The tiny market is "airplane-free", a new concept of eco-ethical trade All of the young cheeses are from New England. The only European cheeses are old enough to ride on a boat. Preserved items are all locally made. He knows his 100 purveyors by first name. But it's immediately obvious that Jamey's true love is meat. A chalkboard at the door advertises "Today's Fats", including house-rendered Lard, Duck Fat, and Vegetable Shortening. Jamey buys a half cow a week and a whole pig, grass-fed from Vermont. He makes all his own sausage and cures the bacon and steams the ham and takes up 1/3 of his deli counter to proudly display the side of bacon. Its a whole new world of pig. (In fact, Jamey runs educational events at which he has a talented young butcher demonstrate his art on 1/2 a pig while we drink wine.)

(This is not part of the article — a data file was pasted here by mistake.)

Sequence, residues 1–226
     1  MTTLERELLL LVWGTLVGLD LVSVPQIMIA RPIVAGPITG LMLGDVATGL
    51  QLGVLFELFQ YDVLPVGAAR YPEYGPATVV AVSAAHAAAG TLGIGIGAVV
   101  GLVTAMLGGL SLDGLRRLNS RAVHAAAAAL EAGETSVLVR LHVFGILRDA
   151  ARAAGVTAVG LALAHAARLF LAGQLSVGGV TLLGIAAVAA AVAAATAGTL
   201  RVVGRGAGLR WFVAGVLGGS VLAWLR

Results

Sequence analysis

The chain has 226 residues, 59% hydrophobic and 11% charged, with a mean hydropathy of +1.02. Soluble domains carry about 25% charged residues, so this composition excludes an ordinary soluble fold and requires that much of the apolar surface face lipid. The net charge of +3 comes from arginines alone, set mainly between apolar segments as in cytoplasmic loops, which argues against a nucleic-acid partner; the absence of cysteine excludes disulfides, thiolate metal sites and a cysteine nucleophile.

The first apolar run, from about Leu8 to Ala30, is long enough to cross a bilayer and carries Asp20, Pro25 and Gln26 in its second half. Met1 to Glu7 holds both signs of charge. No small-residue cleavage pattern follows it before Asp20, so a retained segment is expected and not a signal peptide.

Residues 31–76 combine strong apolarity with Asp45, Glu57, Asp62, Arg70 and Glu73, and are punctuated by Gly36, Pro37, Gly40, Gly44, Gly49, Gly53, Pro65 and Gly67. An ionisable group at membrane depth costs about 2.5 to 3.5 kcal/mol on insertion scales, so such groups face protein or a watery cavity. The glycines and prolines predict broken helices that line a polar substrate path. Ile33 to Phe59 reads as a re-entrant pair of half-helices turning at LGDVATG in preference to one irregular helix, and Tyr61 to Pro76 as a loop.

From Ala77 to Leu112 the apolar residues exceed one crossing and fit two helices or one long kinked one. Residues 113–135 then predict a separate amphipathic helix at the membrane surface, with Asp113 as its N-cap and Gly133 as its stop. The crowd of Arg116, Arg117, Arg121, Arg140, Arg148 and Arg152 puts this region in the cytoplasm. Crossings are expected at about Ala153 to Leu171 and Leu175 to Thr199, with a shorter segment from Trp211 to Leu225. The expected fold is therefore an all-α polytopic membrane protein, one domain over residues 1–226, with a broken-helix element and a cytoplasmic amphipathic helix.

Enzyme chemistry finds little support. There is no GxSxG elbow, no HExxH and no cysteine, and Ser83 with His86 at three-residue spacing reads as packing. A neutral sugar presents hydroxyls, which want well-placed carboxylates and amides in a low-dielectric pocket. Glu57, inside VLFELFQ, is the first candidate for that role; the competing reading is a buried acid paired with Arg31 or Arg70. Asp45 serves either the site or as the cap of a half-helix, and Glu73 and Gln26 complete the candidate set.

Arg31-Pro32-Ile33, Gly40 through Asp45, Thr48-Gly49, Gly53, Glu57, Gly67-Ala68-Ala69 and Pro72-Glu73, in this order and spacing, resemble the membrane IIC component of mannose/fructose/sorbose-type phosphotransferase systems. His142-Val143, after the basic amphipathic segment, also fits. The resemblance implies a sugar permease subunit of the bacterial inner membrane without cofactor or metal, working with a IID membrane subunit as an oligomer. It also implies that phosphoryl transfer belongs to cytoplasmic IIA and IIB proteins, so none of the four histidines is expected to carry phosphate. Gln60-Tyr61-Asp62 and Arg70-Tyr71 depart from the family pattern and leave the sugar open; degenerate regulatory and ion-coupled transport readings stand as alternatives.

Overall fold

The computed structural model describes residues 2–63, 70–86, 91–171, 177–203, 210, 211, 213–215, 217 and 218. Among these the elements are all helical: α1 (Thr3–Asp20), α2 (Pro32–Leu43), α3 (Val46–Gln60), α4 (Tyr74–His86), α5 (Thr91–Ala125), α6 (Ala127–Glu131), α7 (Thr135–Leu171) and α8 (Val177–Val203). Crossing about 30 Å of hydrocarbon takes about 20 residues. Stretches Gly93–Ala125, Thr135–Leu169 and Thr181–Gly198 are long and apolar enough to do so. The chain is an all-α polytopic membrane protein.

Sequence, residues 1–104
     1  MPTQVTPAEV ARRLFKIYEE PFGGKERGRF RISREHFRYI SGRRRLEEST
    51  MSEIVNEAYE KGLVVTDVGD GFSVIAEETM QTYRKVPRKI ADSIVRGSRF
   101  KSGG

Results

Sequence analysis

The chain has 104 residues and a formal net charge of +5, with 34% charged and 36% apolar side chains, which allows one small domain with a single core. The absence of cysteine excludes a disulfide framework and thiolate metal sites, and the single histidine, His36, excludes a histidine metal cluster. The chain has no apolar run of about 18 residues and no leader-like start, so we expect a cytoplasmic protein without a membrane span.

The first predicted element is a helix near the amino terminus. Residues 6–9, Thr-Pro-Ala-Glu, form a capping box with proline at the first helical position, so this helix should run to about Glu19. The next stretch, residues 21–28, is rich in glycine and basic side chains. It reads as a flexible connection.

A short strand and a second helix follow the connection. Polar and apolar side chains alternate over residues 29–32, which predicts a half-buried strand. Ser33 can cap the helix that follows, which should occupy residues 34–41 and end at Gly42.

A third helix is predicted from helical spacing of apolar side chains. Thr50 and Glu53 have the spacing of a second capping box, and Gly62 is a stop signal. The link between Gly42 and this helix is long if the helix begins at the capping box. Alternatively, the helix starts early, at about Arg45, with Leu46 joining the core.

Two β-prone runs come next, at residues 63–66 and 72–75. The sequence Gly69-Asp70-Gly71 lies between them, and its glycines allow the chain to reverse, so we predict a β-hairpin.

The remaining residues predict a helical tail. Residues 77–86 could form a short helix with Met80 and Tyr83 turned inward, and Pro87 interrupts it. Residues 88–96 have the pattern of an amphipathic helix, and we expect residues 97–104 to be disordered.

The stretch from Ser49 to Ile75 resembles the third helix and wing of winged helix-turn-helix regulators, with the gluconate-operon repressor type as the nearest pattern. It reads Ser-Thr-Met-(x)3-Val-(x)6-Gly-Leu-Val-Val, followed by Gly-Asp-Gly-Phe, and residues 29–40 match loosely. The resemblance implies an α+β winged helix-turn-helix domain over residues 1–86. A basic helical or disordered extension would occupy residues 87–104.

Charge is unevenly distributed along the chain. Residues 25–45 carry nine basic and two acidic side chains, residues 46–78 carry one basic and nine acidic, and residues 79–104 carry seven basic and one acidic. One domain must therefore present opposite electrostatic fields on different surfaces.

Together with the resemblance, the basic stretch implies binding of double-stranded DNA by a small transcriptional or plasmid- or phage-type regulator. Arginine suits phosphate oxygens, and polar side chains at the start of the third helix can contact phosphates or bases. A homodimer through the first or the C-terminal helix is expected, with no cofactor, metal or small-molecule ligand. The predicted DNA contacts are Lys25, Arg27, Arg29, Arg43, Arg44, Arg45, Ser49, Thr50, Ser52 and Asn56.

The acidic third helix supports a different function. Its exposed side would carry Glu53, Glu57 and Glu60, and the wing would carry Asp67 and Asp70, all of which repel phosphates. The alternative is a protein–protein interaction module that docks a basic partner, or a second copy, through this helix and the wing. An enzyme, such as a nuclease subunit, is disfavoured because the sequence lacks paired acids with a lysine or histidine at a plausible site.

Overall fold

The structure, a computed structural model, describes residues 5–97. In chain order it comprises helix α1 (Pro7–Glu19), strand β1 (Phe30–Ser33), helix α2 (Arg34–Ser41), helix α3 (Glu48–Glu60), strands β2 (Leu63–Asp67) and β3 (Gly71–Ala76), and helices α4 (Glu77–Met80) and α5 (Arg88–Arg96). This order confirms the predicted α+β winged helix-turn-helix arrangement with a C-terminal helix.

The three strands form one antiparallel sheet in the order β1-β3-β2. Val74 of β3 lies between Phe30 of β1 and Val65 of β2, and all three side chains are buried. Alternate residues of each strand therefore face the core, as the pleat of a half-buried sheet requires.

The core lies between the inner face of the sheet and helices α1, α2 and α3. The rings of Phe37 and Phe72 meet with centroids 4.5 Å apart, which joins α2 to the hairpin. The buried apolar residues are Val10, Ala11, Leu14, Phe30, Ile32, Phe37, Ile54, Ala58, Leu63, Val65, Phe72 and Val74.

Jamey trades off with the guy who buys the other 1/2 of his cow. Some weeks he gets the flank steaks and some weeks gets the New York strip, from the other side. So it's after the lard is rendered and the sausages made, and he's helped Massachusetts' new farmers learn how to "sell to the city" again, that the real work begins. He stands in the shop and convinces his customers to buy all the other cuts of meat.

We decided to ask him to choose an inexpensive cut for us each week. This means "chuck roll" and "nerve steak" (the part of the New York steak just a little to close to the fat. Usually discarded. He cuts and sells it for 1/2 the price of the New York, but it's the same meat.) We also buy grown-cow osso buco which is fabulous, pork butt, and capon. We buy guanciale to cook with brassicas.

And we live for his bacon. Jamey's fat bacon generates a lot of grease. The bacon ends up cooking submerged in fat, and shatters in your mouth like puff pastry.

Lionette's market is CLOSED